Category Archives: Rant

Breaking: Canada Gets A Daily Paper And So Do I

I’m a complete and utter newspaper nerd. I read about 75 newspapers online every day — my favourite being the Old Gray Lady — because, apparently, I am a news junkie. Political news excepted, of course. I abhor reading political news articles — the ridiculous and ignorant comments from the howling monkey brigades always manage to make my blood pressure go up about 140 points and I don’t like it. Not one bit.

While I know it’s not really en vogue to read newspapers in print anymore, I must admit that I am still an old-fashioned kind of newspaper girl. I like holding the *actual* newspaper in my hand while I, say, eat my cereal in the morning or leisurely drink cafe au lait at my favourite T.O. coffeeshop. I like being able to scan the articles at a glance without having to squint on my iPhone and risk ruining my perfectly good botox injections^, and I also love when my fingertips get all smudgy from the ink.

The aforementioned reasons are why I recently began subscribing to the weekend edition of the Globe and Mail. It’s sort of like Canada’s version of USA Today and, while I don’t really know which way it leans — what with Canada’s three political parties — whichever way it is, I like it. Actually, the only thing I don’t like about Globe and Mail thus far is that, for some reason, it seems very unevenly weighted to news outside of Ontario. I mean, everyone knows that Toronto is the center of the (Canadian) universe, so I’m unsure what this is about. 🙂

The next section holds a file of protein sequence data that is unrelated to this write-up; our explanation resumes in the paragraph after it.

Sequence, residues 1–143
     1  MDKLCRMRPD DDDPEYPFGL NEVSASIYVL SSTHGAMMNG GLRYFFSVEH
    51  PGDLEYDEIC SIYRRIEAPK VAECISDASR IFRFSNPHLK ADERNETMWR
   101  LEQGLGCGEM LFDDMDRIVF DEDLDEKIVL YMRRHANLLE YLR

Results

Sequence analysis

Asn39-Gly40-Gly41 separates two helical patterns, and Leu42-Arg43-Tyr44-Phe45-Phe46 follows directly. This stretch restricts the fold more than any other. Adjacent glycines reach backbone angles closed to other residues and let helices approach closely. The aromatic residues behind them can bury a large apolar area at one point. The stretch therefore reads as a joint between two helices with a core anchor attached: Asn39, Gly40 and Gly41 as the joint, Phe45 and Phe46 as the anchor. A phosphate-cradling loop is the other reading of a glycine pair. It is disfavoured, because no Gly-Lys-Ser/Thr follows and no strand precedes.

Moving on. I recently went home to Houston for a long weekend, where my parents gave me the best present evar and phoned in a big giant heatwave for me. Thanks Mom and Dad! Before I left Toronto, I called the Globe and Mail to put a “vacation stop” on my paper. Yes, I know it was only for three days, but I live at the entrance door to my floor, so anyone who lives on my “wing” would totally have known I was gone and what’s it to you anyway?! So after about 79 repeats of the “we’ll be with you shortly” message, the representative finally came on. Mind you, this is the newspaper. The newspaper I get twice weekly. The newspaper for which I pay a mere $13 a month. First, she asks for my phone number. Then she asks me to verify my address.  Then I have to provide her my birthdate. Then she tells me my mobile number and asks me to confirm. Then she asks for my password, my social insurance number^^ , the secret doorknock and a note from my Grade Three teacher. K, just kidding about the latter, but everything else? True story. I actually giggled when she kept asking me to verify my info. I thought “I just called the Harris County Tax Appraiser to get some information about my taxes — you know, on the home I *own* and on which I pay a mortgage every month and on which I almost broke my hand signing my life away — and even *they* didn’t ask me to verify half the stuff that the Globe and Mail did! For the sake of Pete, people! 

One thing’s for sure — you can rest assured that nothing’s getting past the astute customer service representatives at Canada’s Globe and Mail. They are serious security ninjas, where everybody certainly does *not* know your name (or any of your other personal information for that matter)!